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This book explores Christology through the lens of whiteness, addressing whiteness as a site of privilege and power within the specific context of Christology. It asks whether or not Jesus' life and work offers theological, religious and ethical resources that can address the question of contemporary forms of white privilege. The text seeks to encourage ways of thinking about whiteness theologically through the mission of Jesus. In this sense, white Christians are encouraged to reflect on how their whiteness is a site of tension in relation to their theological and religious framework. A distinguished team of contributors explore key topics including the Christology of domination, different images of Jesus and the question of identification with Jesus, and the Black Jesus in the inner city.
No longer content with accepting whiteness as the norm, critical scholars have turned their attention to whiteness itself. In Critical White Studies: Looking Behind the Mirror, numerous thinkers, including Toni Morrison, Eric Foner, Peggy McIntosh, Andrew Hacker, Ruth Frankenberg, John Howard Griffin, David Roediger, Kathleen Neal Cleaver, Noel Ignatiev, Cherre Moraga, and Reginald Horsman, attack such questions as:How was whiteness invented, and why? How has the category whiteness changed over time? Why did some immigrant groups, such as the Irish and Jews, start out as nonwhite and later become white? Can some individual people be both white and nonwhite at different times, and what does it mean to "pass for white"? At what point does pride in being white cross the line into white power or white supremacy? What can whites concerned over racial inequity or white privilege do about it?Science and pseudoscience are presented side by side to demonstrate how our views on whiteness often reflect preconception, not fact. For example, most scientists hold that race is not a valid scientific categorygenetic differences between races are insignificant compared to those within them. Yet, the "one drop" rule, whereby those with any nonwhite heritage are classified as nonwhite, persists even today. As The Bell Curve controversy shows, race concepts die hard, especially when power and prestige lie behind them. A sweeping portrait of the emerging field of whiteness studies, Critical White Studies presents, for the first time, the best work from sociology, law, history, cultural studies, and literature. Delgado and Stefancic expressly offer critical white studies as the next step in critical race theory. In focusing on whiteness, not only do they ask nonwhites to investigate more closely for what it means for others to be white, but also they invite whites to examine themselves more searchingly and to "look behind the mirror
White Theology re-examines white race privilege throughout history and its relationship to black theology. James W. Perkinson articulates a white theology of responsibility responding to the claims of James Cone (and other black scholars) that serious engagement with history and culture must be at the heart of any American projection of integrity or "salvation" in the modern period. Perkinson interweaves autobiography and postcolonial analysis, history, and phenomenology to explore white supremacy and the future of religious studies. This is an essential and groundbreaking book for courses in religious studies, African American studies, and theology.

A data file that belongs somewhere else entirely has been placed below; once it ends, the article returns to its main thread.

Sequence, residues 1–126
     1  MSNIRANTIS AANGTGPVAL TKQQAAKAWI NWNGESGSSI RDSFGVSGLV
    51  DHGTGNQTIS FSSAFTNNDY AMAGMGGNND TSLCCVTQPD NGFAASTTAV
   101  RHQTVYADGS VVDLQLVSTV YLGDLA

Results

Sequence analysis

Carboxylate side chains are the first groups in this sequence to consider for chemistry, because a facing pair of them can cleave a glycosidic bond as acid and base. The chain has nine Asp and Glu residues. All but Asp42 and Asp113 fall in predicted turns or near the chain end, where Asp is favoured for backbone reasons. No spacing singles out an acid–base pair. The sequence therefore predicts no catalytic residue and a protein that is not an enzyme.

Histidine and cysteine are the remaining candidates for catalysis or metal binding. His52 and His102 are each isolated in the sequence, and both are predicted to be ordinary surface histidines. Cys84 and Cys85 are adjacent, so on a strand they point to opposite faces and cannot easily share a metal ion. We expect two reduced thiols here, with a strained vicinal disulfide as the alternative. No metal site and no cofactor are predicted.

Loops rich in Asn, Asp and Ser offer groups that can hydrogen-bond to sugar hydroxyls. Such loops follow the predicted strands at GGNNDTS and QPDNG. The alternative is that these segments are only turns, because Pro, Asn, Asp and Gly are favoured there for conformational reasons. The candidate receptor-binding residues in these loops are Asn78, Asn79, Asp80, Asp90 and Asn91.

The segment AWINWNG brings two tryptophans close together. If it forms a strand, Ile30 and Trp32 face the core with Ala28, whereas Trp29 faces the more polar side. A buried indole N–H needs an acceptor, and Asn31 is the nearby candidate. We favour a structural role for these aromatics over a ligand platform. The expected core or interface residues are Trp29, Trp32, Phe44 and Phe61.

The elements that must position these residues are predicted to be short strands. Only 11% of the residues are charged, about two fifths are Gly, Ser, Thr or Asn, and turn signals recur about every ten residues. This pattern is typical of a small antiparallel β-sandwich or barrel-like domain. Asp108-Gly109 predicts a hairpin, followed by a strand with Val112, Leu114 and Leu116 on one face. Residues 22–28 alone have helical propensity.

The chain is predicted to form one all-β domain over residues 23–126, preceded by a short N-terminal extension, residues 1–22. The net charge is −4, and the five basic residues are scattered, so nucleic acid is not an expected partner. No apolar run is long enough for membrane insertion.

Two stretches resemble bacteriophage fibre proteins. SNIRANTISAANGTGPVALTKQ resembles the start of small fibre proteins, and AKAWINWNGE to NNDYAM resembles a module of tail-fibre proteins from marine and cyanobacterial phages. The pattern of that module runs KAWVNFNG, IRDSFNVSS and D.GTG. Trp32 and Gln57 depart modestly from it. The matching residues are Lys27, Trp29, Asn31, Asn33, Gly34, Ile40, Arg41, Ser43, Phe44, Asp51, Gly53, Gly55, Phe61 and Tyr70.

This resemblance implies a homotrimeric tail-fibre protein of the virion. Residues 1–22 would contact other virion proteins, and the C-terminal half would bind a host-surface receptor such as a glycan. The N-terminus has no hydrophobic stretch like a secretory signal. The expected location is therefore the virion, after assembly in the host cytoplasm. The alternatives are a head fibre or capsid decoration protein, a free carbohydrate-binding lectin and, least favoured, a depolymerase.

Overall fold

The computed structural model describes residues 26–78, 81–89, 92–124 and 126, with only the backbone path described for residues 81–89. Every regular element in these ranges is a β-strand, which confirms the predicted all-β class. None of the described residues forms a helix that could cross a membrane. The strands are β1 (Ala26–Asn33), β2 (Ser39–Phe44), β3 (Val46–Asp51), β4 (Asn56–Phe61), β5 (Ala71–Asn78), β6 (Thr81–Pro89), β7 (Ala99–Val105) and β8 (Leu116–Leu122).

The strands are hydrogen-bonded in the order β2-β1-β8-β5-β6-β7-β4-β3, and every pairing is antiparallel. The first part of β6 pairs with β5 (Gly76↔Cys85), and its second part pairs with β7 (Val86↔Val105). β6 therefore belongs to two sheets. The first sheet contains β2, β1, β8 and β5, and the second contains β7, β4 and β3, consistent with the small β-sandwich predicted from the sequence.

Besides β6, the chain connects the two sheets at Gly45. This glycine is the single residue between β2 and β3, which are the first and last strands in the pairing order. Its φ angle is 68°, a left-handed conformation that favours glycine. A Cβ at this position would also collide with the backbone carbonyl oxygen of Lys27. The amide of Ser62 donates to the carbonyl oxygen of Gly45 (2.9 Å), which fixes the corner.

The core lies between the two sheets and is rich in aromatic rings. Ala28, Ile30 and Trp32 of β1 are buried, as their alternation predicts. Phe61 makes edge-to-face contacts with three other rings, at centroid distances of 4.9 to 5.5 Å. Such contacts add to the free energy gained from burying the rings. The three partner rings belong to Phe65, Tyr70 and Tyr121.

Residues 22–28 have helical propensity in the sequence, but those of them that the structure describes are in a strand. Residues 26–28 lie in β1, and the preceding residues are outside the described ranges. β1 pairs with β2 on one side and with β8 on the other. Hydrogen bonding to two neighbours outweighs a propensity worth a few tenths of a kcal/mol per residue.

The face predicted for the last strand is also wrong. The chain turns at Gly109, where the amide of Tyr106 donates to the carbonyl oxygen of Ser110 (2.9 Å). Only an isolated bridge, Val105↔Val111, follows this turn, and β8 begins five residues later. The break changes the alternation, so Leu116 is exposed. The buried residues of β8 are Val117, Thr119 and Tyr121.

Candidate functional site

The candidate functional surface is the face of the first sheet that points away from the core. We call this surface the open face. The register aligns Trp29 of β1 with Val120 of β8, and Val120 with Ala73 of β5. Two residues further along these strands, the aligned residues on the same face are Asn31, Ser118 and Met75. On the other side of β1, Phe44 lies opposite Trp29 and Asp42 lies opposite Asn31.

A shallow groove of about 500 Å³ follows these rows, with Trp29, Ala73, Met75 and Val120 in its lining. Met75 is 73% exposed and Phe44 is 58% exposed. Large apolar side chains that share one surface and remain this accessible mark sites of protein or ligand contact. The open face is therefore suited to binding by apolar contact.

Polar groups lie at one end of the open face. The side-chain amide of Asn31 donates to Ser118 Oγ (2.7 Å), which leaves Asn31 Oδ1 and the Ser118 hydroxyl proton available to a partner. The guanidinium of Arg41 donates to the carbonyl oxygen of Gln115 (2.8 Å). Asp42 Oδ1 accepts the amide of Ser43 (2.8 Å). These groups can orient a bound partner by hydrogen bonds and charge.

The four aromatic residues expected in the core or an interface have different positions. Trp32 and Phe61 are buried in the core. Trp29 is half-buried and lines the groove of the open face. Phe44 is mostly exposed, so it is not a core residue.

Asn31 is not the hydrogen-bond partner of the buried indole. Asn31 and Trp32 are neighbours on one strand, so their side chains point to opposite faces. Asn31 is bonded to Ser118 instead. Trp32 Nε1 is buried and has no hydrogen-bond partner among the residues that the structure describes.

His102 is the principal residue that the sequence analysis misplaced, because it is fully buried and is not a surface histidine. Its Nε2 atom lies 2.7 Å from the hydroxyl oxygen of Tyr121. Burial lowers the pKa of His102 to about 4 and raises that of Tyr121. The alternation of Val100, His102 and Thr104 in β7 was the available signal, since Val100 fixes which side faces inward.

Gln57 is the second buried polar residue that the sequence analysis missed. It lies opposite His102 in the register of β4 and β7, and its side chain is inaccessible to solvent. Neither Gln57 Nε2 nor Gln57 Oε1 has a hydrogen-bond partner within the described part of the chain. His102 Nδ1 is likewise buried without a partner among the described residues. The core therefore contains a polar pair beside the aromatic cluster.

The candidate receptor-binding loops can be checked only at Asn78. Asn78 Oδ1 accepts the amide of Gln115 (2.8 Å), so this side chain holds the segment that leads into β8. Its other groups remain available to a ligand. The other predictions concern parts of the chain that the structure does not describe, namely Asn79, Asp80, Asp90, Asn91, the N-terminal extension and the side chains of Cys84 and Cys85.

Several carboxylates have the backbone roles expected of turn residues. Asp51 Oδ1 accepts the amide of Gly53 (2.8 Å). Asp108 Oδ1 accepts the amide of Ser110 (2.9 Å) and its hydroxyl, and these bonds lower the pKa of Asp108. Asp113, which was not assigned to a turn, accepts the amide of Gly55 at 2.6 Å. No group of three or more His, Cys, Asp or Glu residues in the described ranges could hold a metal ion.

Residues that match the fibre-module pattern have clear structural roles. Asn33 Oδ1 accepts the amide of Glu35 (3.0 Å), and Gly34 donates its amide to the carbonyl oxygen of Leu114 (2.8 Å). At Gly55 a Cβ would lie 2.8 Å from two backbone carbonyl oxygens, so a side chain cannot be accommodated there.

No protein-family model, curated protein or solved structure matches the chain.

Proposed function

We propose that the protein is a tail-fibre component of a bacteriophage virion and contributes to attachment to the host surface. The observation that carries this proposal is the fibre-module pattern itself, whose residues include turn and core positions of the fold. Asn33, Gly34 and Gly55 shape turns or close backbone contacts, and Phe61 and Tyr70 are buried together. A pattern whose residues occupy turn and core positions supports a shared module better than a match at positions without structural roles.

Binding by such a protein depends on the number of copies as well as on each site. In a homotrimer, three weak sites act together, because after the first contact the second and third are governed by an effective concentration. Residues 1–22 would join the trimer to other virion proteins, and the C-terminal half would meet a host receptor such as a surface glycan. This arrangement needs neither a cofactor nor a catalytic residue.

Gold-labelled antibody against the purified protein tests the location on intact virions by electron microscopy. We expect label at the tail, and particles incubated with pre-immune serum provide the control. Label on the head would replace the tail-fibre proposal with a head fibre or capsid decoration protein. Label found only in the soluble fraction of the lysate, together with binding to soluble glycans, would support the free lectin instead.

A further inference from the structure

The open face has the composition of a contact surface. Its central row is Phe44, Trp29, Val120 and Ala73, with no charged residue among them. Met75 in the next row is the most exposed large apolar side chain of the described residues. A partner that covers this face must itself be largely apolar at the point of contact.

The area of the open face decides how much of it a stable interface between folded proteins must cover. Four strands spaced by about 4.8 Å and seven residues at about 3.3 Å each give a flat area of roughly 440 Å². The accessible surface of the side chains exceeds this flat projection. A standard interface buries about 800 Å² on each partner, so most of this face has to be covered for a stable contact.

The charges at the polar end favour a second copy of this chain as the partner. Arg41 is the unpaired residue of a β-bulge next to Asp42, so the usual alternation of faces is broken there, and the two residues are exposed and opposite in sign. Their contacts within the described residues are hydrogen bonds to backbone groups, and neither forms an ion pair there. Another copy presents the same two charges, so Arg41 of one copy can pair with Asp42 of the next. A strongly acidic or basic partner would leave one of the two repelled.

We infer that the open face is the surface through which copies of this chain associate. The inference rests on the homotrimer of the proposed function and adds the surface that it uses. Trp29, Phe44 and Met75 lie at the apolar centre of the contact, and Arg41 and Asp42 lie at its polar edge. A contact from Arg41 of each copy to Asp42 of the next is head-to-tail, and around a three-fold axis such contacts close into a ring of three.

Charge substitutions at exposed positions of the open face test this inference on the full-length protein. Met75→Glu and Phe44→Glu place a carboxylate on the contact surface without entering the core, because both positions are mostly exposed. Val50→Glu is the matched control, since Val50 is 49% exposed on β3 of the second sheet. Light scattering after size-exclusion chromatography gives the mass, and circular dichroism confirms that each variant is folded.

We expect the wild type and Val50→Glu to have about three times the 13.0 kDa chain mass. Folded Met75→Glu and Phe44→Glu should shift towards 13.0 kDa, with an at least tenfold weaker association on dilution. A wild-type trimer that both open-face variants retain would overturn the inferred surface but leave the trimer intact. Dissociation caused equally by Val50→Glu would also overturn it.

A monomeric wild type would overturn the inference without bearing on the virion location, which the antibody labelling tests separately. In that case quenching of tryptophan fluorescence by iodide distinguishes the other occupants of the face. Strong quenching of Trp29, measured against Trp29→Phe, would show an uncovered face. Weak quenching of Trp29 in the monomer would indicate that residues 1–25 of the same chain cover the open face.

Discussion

Theological conversations about violence typically frame the conversation in terms of victim and perpetrator. Comprehensive theological responses to violence must also address the role of collective passivity of bystanders of violence. Beyond Apathy examines the theological significance of bystander participation in patterns of violence and violation within contemporary Western culture, giving particular attention to the social issues of bullying, white racism, and sexual violence. In doing so, it constructs a theology of redeeming grace for bystanders to violence that foregrounds the significance of social action in bringing about God's basileia.
In today's theological landscape the significance of the cross has become strongly affirmed and radically questioned. This exciting volume gathers theologians and historians who have thought through these critical and constructive issues: Do traditional understandings of the cross valorize suffering or violence? Are the older soteriological models, which see redemption as a kind of ransom or debt satisfaction, fitting for the contemporary worldview? Do they produce a piety that acquiesces in needless suffering, or does the cross precisely meet the massive suffering and injustice of today's world?Following an expert introduction to the issues and options by editor Marit Trelstad, each author addresses the Christian symbol of the cross in the context of current theological, sociological, political, or environmental issues.
Explores the dynamic nature of Christ worship in the U.S., addressing how his image has been visually remade to champion the causes of white supremacists and civil rights leaders alike, and why the idea of a white Christ has endured.
Drawing from the lives of Ossie Davis, Frantz Fanon, Malcolm X, and W. E. B. Du Bois, as well as his own experience, and fully updated to account for what has transpired since the rise of the Black Lives Matter movement, Yancy provides an invaluable resource for students and teachers of courses in African American Studies, African American History, Philosophy of Race, and anyone else who wishes to examine what it means to be Black in America.

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